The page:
Consultation toolkit

Step 8 - evaluation of your consultation

Effective evaluation can help you find out what did and didn't work and the reasons why. Always ask participants for their views about the consultation process and how it could be improved.

Your evaluation should not only consider the number of responses received, but also the quality, cost, and timeliness of the consultation and the overall usefulness of the results in helping;ping to inform decisions.

Evaluation checklist

  • Did everyone involved (staff, consultees, partners) understand the objectives of the exercise?
  • Were the right stakeholders involved?
  • Did you successfully reach all your stakeholders?
  • Were the numbers who took part as expected?
  • If you had set a minimum response level did you reach your targets?
  • Were you successful in reaching groups or individuals whose views have not traditionally been recognised?
  • Did the publicity material you used work (e.g posters to advertise an event, putting material on the internet, press releases)?
  • Did you get the level of information you provided right? (e.g. it was easy to access, relevant to the consultation, produce in plain language, easy to understand and available in other languages and in other formats, e.g. Braille and audio cassette, where necessary)
  • Was the consultation accessible (e.g interpreters were provided if necessary, venues were accessible, seating and set up encourage participation)?
  • Did the methods used achieve the objectives?
  • Was there the right balance of qualitative and quantitative methods?
  • If you used more than one method, which worked better than others and why?
  • Did some methods work better with particular stakeholders than others? Note this for future.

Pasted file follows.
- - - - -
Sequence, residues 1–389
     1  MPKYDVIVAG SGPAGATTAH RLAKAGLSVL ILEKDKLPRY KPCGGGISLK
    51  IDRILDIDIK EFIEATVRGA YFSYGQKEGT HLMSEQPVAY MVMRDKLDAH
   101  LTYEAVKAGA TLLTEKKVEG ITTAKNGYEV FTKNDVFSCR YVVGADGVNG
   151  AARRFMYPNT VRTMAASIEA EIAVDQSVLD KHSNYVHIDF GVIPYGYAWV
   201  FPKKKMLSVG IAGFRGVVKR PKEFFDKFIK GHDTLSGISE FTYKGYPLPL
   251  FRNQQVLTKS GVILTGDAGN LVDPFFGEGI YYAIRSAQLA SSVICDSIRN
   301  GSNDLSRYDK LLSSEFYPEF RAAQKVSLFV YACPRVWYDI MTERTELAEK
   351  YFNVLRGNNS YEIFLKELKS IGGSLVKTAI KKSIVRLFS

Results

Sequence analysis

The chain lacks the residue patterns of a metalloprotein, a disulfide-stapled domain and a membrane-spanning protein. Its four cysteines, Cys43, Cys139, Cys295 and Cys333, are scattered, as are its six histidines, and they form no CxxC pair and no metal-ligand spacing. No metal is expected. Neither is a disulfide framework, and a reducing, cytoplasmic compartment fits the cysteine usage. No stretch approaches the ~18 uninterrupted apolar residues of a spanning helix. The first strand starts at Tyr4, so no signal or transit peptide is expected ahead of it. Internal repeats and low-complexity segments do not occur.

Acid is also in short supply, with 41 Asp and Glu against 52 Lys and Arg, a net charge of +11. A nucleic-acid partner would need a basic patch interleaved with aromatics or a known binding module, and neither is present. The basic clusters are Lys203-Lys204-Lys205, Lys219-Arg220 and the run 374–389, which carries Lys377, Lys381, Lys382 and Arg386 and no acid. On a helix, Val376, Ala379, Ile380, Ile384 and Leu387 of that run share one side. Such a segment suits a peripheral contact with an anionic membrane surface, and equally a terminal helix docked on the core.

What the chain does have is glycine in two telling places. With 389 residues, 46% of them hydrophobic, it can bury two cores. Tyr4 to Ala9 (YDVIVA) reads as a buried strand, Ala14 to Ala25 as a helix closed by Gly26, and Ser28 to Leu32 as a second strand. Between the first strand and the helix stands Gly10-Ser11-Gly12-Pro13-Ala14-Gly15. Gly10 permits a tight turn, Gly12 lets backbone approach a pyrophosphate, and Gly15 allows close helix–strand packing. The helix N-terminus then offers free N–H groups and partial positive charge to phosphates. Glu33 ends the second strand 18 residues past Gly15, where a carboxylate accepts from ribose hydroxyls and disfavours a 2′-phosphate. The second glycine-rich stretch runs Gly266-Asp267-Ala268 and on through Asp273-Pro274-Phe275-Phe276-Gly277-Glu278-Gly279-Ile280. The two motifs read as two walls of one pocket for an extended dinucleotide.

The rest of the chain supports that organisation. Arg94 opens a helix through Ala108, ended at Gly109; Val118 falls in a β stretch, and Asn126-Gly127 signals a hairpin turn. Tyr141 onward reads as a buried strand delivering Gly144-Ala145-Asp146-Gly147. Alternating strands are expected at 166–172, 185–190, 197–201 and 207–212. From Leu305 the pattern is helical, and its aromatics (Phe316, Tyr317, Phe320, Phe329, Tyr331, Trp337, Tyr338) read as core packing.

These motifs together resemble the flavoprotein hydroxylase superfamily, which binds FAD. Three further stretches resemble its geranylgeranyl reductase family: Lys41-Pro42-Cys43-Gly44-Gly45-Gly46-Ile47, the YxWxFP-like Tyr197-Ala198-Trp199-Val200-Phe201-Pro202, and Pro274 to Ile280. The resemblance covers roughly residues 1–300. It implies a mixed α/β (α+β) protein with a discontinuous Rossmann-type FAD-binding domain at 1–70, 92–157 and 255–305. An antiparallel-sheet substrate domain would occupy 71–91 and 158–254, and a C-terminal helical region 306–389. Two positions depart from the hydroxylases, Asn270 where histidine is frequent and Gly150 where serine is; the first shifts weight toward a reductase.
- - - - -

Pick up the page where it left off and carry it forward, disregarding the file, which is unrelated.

• Was the timescale and process kept to? If not, why not?
  • Did you get the information you wanted in sufficient time, depth and quality?
  • Were the level of resources and support right?
  • Did you budget adequately? Note areas of overspend/savings for next time
  • What were the costs (include staff time)?
  • Were there any unforeseen costs? What were they?
  • How did the participants evaluate it? - What did they think of the information provided?
  • Was it easy to give views? Did they perceive the exercise as fair and useful?
  • Did it lead to a change of policy, service etc., how? Be specific.
  • How many people will be affected by the changes?
  • Has the consultation changed the relationship between you and your users and others?
  • What would you do differently next time?

Why evaluate and what to do with the results

Evaluating consultation can help you to:

  • Find out what worked and what did not
  • Identify the reasons for unexpected outcomes
  • Apply learning to improve future consultation
  • Assess whether the exercise was cost effective in terms of time and resources.

Performance management issues

We need to know whether our consultation activities are supporting our vision for community engagement, as outlined in the strategy. we are in the process of developing a number of methods to measure this, including:

  • Using the Community Engagement Standard as the basis for judging success
  • Identifying the criteria communities would use to judge successful engagement
  • By asking communities what they would count as a success in their terms
  • Determining a standard for community cohesion which could be used to judge whether the council's activities are contributing to community well - being

More importantly, you will need to identify which performance indicators the changes to your service or policies will impact upon. You will need to record and measure the impact upon. You will need to record and measure the impact. Please contact the performance unit for further advice on this. you should also check if there are any consultation related performance indicators.

The Consultation Charter